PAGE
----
The most important thing I see with the authorization is that we
have certainty and we can start planning for the next 3 to 5 years.
And on top of that is economic development. If we have good
roads and good infrastructure, businesses will come and businesses
will build or a business that is there will expand. And that is
where it is for counties.
Ms. JOHNSON. Thank you.
I noticed that there were comments in some of the testimony
about having local input from cities or entities closer to the issue.
I am from a very large State, and we believe that, as well.
I am trying to remember whose testimony it was that mentioned
that. Can somebody speak up?
You did?
Mr. WOELFEL. Yes, Congresswoman Johnson, I think that that
was my testimony.
You know, one of the things that we were asking for was to allow
better collaboration between public and private entities when it
comes to transportation needs. We firmly believe that, to expand
opportunities for transportation, intermodal facilities are required.
And we are not looking to compete with public entities. We want
to expand and cooperate with public entities. And all we are really
asking for is, perhaps, when you are doing the planning either for
a facility or doing the planning for a transportation project, to include the private motorcoach operator upfront in the planning. And
perhaps we have a private way to solve that issue as opposed to
a public.
Ms. JOHNSON. Thank you very much.
Now, there was a mention of to expand the necessary flexibility
that has been mentioned.
I think, Mr. Trombino, you mentioned that in your testimony.
Could you elaborate on that a bit?
Mr. TROMBINO. Thank you. Thank you, Congresswoman.
On flexibility, I cant say enough. For us, as we work with local
cities, our regional areas, we want to allowas we push those dollars down to the local level, the more flexibility that they have from
an investment perspective, the key ingredient is the less prescription there is in the program.
And so a lot of the good things that happened under MAP21,
programs were consolidated. Eligibility still remained, which, in
our State, one of the things we did was we pushed a lot of those
dollars to the local level to allow them to really make those decisions. Because, ultimately, they know what to do on the local system. And the more that we have flexibility to do that, I think, between the State and the local regional level, even at the local city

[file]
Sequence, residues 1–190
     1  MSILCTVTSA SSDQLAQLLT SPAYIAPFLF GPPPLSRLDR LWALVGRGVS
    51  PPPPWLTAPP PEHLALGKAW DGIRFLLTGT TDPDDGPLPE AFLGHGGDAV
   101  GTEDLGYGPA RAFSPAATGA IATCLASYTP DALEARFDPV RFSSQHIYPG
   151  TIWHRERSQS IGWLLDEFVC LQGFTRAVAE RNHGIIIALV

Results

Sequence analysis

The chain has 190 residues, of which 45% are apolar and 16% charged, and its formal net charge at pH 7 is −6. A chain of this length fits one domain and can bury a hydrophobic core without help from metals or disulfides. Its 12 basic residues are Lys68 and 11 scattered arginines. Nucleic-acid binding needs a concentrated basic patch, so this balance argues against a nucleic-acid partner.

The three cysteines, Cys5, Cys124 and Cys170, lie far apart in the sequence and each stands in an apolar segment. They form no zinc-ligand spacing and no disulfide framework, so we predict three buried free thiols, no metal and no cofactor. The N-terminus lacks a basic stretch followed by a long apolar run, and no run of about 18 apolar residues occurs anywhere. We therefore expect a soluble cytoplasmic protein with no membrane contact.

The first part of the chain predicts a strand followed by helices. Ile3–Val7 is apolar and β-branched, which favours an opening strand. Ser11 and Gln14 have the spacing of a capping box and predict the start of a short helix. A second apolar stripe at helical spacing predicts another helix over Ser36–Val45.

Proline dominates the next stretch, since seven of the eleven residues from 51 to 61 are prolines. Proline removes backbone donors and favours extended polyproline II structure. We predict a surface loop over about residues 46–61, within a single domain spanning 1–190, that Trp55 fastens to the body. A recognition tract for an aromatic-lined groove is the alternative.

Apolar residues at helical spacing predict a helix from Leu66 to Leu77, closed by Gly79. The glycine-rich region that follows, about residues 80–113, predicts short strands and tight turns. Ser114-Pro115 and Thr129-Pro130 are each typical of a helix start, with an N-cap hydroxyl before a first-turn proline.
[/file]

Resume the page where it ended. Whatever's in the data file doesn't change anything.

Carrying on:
or county level, the more that opportunity, where the dollars are
coming, so that they have flexibility to meet their needsbecause
the needs, as I say, in the northwest part of the State versus the
southeast part of the State, they have different transportation
needs. But if those dollars come in and allow flexibility, they can

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meet whether it is a bridge issue on one side or maybe it is an enhancement type of transportation alternative project that they
would like to do, rather, for their communities.
So those types of things I think are the most important. And at
the State level what we want to do is get those dollars to them and
let them make that investment and get that turned around as
quickly as possible.
Ms. JOHNSON. Thank you very much, Mr. Chairman. Thank you.
My time is up.
Mr. GRAVES OF MISSOURI. Mr. Gibbs.
Mr. GIBBS. Thank you, Chairman.
Thanks for being here today, panelists.
And I appreciate the comments from the soybean industry and
the trucking industry, Mr. Whittington.
One point I want to makeI think you all agree with mewhy
it is so important for agriculture, you know, in our global marketplace. And if the transportation costs are higher because our infrastructure cant get there, delays and times, that adds to the bases
and lower prices for farmers. They will end up paying that price,
the cost, and thatit really affects our competitiveness in the global marketplace.
But, Mr. Trombino, I am just curious. You said that Iowa just